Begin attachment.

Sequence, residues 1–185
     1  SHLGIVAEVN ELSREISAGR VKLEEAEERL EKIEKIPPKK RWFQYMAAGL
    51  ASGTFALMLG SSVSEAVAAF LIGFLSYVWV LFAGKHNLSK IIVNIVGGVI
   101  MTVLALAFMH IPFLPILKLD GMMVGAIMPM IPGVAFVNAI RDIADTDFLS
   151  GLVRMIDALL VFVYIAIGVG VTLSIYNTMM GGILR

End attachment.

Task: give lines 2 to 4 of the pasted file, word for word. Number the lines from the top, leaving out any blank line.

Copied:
     1  SHLGIVAEVN ELSREISAGR VKLEEAEERL EKIEKIPPKK RWFQYMAAGL
    51  ASGTFALMLG SSVSEAVAAF LIGFLSYVWV LFAGKHNLSK IIVNIVGGVI
   101  MTVLALAFMH IPFLPILKLD GMMVGAIMPM IPGVAFVNAI RDIADTDFLS